None of these are really a cause for worry, though, as even healthy children can and will have this happen to them several times throughout the day if they’re not careful.
Even a healthy child is bound to resort to gulping or swallowing air here and there as a result of a bad nipple latch, regardless of whether he’s a bottle-fed or breastfed baby.
All this can be remedied very easily simply by burping your child after every meal or when he feels uneasy.
It’ll help sort those gas bubbles out early and somewhat regulate the excess liquid in his system.
This is why burping your child is an important lesson that first-time parents should learn, as it’ll help save a lot of time and patience when raising their child.
What’s The Difference Between Spitting Up And Vomiting?
When most people think of spitting up, they often think it’s the same as vomiting.
While the start and end points are the same, the two vary significantly in volume, intensity, and level of discomfort.
Spit-up is often caused by something completely harmless, like having your child swallow air or drink a bit too much breast milk or formula.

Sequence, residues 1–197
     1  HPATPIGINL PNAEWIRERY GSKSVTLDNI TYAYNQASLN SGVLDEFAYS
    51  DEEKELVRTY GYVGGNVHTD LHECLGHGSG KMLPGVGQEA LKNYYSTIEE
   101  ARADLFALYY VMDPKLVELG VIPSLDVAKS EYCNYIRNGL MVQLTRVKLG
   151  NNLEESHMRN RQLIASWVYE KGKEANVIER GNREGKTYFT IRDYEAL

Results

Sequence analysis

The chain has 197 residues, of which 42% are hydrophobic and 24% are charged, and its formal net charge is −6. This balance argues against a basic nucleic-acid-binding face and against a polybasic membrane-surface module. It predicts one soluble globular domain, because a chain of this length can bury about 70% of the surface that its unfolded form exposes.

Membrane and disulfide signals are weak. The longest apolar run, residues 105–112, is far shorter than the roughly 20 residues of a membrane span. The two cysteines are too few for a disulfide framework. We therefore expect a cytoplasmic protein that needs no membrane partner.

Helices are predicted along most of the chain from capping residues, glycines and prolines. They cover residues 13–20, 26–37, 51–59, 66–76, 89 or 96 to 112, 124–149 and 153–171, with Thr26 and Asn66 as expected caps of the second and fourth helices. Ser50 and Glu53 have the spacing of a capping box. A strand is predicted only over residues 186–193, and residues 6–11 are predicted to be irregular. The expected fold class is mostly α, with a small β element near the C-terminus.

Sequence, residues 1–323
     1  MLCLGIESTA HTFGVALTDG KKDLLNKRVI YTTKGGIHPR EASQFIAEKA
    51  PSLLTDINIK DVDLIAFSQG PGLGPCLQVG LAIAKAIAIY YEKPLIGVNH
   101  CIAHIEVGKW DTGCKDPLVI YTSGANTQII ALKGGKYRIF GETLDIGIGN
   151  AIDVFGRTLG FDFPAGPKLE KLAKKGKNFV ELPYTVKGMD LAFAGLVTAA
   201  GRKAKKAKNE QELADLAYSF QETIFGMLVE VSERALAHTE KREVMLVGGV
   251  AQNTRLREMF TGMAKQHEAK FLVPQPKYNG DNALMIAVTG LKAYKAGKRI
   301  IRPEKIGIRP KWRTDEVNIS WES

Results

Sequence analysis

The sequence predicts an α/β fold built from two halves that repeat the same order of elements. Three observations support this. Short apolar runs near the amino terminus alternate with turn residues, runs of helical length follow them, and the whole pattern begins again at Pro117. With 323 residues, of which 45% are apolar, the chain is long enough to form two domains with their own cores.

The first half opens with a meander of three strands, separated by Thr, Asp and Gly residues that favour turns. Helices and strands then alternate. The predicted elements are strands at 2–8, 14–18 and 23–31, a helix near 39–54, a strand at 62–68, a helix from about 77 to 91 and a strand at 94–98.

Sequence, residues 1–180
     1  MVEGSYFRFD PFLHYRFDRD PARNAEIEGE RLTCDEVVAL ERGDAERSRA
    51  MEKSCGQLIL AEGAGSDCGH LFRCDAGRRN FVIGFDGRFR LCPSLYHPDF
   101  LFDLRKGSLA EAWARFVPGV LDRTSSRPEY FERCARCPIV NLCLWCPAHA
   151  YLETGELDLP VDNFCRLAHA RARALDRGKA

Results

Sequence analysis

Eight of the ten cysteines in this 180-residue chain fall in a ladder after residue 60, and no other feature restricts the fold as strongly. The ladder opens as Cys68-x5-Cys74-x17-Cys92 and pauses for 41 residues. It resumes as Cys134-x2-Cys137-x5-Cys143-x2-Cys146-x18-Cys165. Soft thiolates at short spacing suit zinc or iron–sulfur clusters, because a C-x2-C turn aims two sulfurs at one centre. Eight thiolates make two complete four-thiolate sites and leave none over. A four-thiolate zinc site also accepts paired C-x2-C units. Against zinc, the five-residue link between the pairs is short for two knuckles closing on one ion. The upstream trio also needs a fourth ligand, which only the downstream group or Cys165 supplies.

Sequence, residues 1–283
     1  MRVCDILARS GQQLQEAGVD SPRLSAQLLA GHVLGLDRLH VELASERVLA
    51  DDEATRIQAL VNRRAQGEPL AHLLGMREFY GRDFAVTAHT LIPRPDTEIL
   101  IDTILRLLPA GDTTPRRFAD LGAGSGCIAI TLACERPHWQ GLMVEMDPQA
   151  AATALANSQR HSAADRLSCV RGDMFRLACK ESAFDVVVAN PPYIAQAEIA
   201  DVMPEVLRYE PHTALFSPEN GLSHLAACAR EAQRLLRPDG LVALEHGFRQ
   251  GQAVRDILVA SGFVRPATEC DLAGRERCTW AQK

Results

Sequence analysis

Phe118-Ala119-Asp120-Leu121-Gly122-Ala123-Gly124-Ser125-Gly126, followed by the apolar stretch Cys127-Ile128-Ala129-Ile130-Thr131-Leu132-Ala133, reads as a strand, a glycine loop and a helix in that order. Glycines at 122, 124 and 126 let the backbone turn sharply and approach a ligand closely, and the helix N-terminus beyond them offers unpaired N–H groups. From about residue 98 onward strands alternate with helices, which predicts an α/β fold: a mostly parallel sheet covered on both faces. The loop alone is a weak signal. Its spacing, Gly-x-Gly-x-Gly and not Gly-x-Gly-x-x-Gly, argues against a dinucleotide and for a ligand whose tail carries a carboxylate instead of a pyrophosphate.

It’s likely to happen quickly after the trigger that caused it.
It won’t come out in large amounts, but more like a dribble of drool, maybe a bit more.
It’ll come out as either oral or nasal regurgitation in young children, before eventually becoming exclusively oral later down the line.
Eventually, it fades away completely.
Vomiting, however, is a lot more explosive and uncomfortable.
It’s something that’ll cause the entire body to react violently, with all the muscles contracting to expel the stomach contents.
One of the more common causes of vomiting is a stomach infection caused by a virus of some sort or eating spoiled or rotten food.
Vomiting can also be triggered by intestinal blockage.
Motion sickness is also a known cause of vomiting, especially with people who have a damaged or infected middle ear.
However, while vomiting is often dangerous if it happens too often, you should be aware that it’s a sign of your body trying to fight something bad.
Should it happen too often, make sure to contact your child’s pediatrician, your family doctor, or any other qualified healthcare provider to determine if the cause is something dangerous that requires professional treatment.
The medical advice from a pediatric practitioner is something that should always be followed.
How To Reduce Milk Coming Out Of Baby’s Nose?
Spit-ups are bound to happen with children no matter how careful you are.
Believe me when I say that I speak from experience!